Under his guidance, the three decades-old company has moved ‘just about everything’ into the cloud; with 30 employees across four locations, Brian says the distributed nature of Armatec’s operations means cloud computing makes even more sense. “From any device, and from anywhere there’s an Internet connection, employees can access the information and services they need to get their jobs done.”
As to why he’s gone with Xero and Tidy in the cloud, Brian says the answer is quite simple. “On-premise is obsolete. We could see systems categorically failing while there were far better ones available in the cloud and for which we wouldn’t have to make capital investments.”
Cloud computing takes away the issues, costs and challenges of managing technology. “The uninitiated think network issues aren’t a big deal; trust me, they are. We don’t have the capacity to look after our own servers and other gear, in fact it’s stupid to even think we can. Cloud software as a service like Xero and Tidy is the obvious answer. We’d fail ourselves if we weren’t to use it, because cloud makes technology really easy.”
Why the cloud is expanding rapidly
There are multiple reasons for choosing someone else’s computers, particularly those of Microsoft, Amazon Web Services or Google; among them is quality. Kevin says delivery excellence is obligatory. “When you’re delivering equally to everyone, you just cannot get it wrong or you’ll have thousands of calls and emails complaining. Discipline is enforced and cowboys just don’t last because it’s easy to move from one provider to another.”
Kevin adds that the cloud offers multiple benefits beyond easy access to reliable technology. “You can set up business systems anywhere in the world in as little as a few hours. This is enormously powerful, as it reduces the cost of expansion; previously, you’d have to invest in local expertise for set up and you’d need space to house not only people, but computers. You just don’t have to do that any longer.”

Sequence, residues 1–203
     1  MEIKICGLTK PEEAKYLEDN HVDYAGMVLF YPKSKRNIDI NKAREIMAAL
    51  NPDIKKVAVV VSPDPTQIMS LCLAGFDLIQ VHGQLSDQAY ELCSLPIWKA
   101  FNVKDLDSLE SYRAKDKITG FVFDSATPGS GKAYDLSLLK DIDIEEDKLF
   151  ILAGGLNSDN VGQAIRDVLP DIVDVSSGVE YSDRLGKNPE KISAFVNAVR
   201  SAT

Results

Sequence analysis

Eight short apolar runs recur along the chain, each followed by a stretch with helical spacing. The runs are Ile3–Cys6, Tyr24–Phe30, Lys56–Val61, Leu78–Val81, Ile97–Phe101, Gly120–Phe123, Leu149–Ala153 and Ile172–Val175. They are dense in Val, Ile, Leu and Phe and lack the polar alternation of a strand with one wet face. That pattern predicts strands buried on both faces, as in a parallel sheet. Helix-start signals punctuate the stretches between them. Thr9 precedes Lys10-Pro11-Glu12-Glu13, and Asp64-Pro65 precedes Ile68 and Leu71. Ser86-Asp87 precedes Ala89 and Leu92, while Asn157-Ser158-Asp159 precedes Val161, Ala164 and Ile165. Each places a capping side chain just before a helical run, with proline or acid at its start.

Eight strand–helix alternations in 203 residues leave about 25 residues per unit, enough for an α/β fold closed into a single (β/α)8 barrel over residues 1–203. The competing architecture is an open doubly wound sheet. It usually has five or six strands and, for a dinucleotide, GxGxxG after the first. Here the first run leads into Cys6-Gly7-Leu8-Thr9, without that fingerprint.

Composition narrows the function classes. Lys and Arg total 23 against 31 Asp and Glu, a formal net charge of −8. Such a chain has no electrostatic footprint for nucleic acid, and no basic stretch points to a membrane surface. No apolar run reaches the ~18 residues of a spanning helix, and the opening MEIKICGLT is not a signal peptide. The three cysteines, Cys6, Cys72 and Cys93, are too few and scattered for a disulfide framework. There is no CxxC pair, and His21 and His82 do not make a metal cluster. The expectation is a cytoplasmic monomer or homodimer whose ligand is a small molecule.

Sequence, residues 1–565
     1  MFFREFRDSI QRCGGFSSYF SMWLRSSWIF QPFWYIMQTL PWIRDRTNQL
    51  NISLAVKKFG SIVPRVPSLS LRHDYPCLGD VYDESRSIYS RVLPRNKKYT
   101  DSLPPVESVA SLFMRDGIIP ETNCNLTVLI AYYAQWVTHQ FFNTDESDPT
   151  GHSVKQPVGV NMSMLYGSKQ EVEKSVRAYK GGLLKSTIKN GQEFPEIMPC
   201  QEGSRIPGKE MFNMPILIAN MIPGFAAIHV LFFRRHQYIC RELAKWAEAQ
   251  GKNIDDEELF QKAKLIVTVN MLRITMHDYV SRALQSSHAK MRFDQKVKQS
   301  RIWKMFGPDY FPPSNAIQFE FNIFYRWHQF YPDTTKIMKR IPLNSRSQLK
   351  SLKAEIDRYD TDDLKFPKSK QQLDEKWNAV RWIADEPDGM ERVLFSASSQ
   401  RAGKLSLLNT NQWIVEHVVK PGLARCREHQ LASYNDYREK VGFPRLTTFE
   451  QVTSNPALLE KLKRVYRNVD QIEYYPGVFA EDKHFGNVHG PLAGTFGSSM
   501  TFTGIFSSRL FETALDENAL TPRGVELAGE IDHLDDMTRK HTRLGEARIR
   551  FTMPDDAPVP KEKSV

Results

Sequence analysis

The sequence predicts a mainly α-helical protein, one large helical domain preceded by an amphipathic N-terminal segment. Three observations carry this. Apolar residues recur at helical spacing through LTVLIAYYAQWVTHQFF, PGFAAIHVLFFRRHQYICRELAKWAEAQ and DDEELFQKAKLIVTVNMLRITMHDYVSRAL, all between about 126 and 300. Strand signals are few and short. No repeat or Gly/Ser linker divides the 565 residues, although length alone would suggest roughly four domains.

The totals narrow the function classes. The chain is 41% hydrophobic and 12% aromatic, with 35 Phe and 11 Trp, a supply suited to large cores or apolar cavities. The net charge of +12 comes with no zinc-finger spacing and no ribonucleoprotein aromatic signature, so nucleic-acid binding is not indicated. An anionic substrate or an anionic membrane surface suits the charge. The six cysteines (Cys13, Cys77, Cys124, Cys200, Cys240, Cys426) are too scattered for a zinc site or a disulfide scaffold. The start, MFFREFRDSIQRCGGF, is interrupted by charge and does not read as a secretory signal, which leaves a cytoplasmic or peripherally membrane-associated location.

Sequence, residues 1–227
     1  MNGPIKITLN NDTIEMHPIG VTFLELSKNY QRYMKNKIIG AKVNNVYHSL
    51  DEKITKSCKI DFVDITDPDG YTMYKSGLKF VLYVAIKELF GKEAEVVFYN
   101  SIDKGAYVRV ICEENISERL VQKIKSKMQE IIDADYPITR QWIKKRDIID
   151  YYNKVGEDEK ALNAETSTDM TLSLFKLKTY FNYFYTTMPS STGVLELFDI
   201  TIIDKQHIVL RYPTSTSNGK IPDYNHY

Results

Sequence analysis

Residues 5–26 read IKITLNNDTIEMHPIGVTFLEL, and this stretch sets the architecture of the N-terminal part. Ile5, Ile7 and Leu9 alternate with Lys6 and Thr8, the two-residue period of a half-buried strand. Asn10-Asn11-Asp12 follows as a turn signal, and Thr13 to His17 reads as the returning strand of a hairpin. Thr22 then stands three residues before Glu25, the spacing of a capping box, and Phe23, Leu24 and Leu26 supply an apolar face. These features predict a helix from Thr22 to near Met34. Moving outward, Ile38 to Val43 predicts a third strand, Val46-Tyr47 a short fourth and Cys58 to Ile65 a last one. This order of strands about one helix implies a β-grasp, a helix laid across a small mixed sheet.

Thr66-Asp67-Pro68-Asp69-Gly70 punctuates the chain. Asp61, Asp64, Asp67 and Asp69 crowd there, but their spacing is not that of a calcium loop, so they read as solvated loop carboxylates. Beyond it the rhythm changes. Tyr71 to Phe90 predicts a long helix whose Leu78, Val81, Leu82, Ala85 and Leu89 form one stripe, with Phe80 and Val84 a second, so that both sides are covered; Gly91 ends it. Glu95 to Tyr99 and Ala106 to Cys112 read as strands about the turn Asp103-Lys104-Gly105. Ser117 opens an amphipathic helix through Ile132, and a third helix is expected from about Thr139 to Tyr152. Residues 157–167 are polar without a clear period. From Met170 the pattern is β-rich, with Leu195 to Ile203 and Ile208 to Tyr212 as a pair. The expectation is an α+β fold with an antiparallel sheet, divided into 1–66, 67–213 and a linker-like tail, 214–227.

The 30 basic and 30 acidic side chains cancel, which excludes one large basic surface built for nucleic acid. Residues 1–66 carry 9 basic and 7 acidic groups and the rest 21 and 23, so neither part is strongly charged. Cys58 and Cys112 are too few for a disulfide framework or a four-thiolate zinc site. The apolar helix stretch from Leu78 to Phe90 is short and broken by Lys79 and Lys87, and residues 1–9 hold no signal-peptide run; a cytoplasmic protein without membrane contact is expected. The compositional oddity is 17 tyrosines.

Indeed, it is the way in which the world is moving; market watcher Gartner expects the worldwide public cloud services market to grow 17.5 percent in 2019 to total US$214.3 billion, up from US$182.4 billion in 2018.
What’s more, the cloud delivers far better quality, reliability and availability, adds Panos, with data persistence that cannot be matched by even the best on site systems.
But there is a caution; not all cloud providers are created equal. Both Kevin and Panos say any business testing the cloud waters should assess the selected provider carefully. “It is a serious discussion. Analyse your requirements with your team. Know what makes sense to outsource, when to outsource it, and crucially, to whom.”
As more businesses rely on cloud technology – and in particular, SaaS applications handling sensitive financial information – absolute assurance of data security is necessary. After all, the paradigm is radically changed from data resident on a local hard drive or server.
“Serious attention should always be paid to the security of any computer network and the cloud is no exception,” says Kevin. “You should seek details from the vendors you work with and check them with a trusted advisor who is technically qualified and experienced. Know the risks, because everything has risk; with the cloud, accountants and other decision-makers need to understand where the data is hosted and the layers that protect your data.
The factors include security, privacy, data integrity, contractual clarity and protections, business continuity, process and system reliability, and even compliance with cross-jurisdictional regulations.”
Kevin adds, it is necessary to know the measures taken by the cloud platform providers, in depth. “For example, Microsoft spends over one billion US dollars a year on detecting cyber fraud, shutting down malicious schemes and educating and assisting authorities in bringing cyber criminals to justice.”
That’s far more than any single private company might allocate. “This doesn’t eliminate risk. But it goes a long way in mitigation.”
Finally, Panos says there is no better way to get going in the cloud than by giving it a try. “As a regular consumer, you’re already using cloud. It might seem different for your business, but it isn’t – there are many services you can try at no cost. You’ll quickly discover how easy, dependable and affordable it is.”
Kevin recommends checking a video overview of Microsoft’s Azure cloud. “Just search ‘Microsoft Global Datacenters and Network Infrastructure’ on YouTube. You’ll be amazed.”